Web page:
There are two types of taxable benefit that cannot be payrolled namely an employer provided accommodation and beneficial loans i.e. loans provided to the employee by the employer interest free or at a low interest rate. These two benefits must still be returned to HMRC on the annual forms P11D.
The employer must register online with HMRC for payrolling employee benefits. HMRC has started the payrolling employee benefits online registration process for the tax year 2024/2025. Please see below for the link to the HMRC website for further details.
Those employers that have already registered with HMRC for payrolling employee benefits for the current 2023/2024 tax year or an earlier tax year do not have to reregister with HMRC for 2024/25 as the registration stays in place until the employer cancels it.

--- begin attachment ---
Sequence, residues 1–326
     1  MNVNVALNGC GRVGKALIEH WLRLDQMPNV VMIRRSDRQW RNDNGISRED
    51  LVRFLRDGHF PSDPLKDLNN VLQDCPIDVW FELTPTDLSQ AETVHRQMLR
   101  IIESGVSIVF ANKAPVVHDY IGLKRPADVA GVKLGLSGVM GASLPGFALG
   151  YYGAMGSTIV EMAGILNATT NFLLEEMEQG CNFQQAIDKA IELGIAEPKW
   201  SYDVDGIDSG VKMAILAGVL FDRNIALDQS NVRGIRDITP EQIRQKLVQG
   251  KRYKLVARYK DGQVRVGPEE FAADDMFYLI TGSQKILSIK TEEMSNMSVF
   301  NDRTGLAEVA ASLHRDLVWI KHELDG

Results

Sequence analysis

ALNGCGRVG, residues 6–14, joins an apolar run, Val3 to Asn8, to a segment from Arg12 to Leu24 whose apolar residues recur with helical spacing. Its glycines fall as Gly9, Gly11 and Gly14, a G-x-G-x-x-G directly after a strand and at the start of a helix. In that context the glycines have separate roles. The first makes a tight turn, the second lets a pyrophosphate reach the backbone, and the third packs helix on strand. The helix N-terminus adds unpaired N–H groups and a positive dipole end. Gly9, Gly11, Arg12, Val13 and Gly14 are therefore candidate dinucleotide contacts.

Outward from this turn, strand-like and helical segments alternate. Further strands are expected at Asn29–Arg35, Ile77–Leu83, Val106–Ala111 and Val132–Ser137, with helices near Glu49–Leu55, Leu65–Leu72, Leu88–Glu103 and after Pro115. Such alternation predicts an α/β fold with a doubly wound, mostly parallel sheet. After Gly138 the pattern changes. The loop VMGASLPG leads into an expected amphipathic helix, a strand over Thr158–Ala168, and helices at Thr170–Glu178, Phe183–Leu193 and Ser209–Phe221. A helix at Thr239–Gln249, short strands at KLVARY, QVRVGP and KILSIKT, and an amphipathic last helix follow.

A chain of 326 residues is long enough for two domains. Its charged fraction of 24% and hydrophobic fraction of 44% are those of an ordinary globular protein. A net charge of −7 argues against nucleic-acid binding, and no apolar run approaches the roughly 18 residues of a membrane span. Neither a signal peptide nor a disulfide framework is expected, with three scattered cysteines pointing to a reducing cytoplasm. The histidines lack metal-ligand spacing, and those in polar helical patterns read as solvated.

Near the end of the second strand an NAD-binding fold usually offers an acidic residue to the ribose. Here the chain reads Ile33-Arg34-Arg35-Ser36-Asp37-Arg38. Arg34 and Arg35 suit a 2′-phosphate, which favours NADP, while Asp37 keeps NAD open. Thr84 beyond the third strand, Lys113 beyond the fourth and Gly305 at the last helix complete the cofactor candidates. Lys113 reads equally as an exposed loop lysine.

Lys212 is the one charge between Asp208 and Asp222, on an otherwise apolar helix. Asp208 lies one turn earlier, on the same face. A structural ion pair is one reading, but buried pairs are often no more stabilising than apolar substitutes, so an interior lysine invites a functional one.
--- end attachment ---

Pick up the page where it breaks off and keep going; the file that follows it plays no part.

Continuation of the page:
An employer that has registered for payrolling their employee taxable benefits should make sure that they advise the relevant employees as those employees will see a change to their 2024/25 PAYE code number.
Cash Accounting for sole traders and partnerships
As announced in the Chancellor’s 2023 Autumn Statement and included within the Finance Bill 2024 – soon to be the Finance Act 2024 – the changes to the current cash accounting rules for unincorporated businesses are to be brought into law as from 6 April 2024.
Under the current cash accounting rules for unincorporated businesses there a number of limitations the main one being an annual turnover limit of £150,000. As from and including the tax year 2024/2025 all of the limitations have been dropped apart from those listed below: –